Eastern wild turkeys (Meleagris gallopavo silvestris) have routines and rituals in my Connecticut yard during every season.
In the spring, summer, and winter, the flock walks up from the woodlands into my open yard behind my house in single file. Their first stop is the bird feeder. They hit up the fallen seeds near our lower deck by scratching the ground for leftovers.
Last year, around this time of year, I thought about how the lower deck is a great place to position our motion sensor outdoor camera because it would capture images of the flock as they were eating seeds from the ground.
It worked. The camera captured images of male turkeys puffing out their feathers and strutting their stuff.
And as you can see from these photos, it is truly astonishing how large they look when fully puffed out. The male toms can reach 4 feet tall, but they look even larger at this stage. And you will notice, its blue head and red caruncle at the neck is in full color. I guess this occurs as another way to “show off” to the female turkeys in the group. It is just incredible what these guys do for their females. They put on quite a show.
Side View – Massive!
After they are done snacking on the birdseeds, the flock will slowly and cautiously walk past my side door over the driveway, and then proceed down my long driveway to the road. As they strut along in single file, it is quite amusing. I always think to myself, “Well, there they go, off to work again for the day.”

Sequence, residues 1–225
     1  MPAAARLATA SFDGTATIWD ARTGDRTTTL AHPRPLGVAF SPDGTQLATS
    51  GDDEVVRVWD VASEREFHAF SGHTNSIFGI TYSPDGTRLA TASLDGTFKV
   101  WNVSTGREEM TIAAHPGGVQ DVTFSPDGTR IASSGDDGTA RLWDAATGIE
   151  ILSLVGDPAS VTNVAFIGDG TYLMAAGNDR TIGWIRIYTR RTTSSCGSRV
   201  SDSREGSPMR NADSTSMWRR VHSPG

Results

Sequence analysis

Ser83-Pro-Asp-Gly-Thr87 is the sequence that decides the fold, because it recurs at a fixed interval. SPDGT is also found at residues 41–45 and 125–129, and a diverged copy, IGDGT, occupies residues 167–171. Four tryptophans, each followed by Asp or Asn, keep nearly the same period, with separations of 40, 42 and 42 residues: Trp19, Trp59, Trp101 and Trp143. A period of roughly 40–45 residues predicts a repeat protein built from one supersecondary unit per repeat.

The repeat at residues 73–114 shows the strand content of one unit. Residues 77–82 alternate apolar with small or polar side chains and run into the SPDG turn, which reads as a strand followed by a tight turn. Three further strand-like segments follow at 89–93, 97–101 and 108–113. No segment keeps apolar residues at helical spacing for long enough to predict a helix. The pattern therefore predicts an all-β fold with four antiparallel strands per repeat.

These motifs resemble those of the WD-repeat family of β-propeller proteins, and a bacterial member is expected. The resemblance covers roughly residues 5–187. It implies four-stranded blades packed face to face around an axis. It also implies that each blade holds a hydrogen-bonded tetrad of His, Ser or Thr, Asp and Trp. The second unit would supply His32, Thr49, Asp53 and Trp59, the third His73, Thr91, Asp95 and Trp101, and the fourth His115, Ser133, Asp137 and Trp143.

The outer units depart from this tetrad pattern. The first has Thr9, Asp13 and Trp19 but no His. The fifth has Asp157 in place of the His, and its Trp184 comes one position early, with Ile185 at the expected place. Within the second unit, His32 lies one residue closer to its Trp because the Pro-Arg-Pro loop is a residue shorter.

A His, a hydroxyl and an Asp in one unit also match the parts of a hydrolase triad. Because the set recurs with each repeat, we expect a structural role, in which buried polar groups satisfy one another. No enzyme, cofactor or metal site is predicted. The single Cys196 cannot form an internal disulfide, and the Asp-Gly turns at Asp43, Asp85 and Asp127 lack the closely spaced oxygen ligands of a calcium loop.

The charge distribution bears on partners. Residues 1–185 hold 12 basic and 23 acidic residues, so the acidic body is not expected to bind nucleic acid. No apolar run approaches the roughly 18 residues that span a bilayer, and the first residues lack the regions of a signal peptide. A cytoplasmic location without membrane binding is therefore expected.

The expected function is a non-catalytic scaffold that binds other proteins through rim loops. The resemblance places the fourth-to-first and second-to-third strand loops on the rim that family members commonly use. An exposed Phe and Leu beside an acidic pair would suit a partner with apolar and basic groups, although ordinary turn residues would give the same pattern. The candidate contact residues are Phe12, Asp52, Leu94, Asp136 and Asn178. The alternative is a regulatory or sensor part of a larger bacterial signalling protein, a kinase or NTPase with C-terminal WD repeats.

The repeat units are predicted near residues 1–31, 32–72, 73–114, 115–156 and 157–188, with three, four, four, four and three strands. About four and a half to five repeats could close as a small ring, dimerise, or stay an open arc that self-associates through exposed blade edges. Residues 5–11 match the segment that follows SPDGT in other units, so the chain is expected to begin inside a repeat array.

They probably have a routine of visiting every feeder or garden on our street, but by late day, you can guarantee, they come right back down my driveway – in single file – to return to our birdfeeder for their last snack before retreating into the woods again for their evening roost.
Once, in the very early morning, I could see several turkeys perched way up high in tall pine trees. Eventually, they fly down again, and it is something to see a big turkey gliding through the sky to land on our lawn.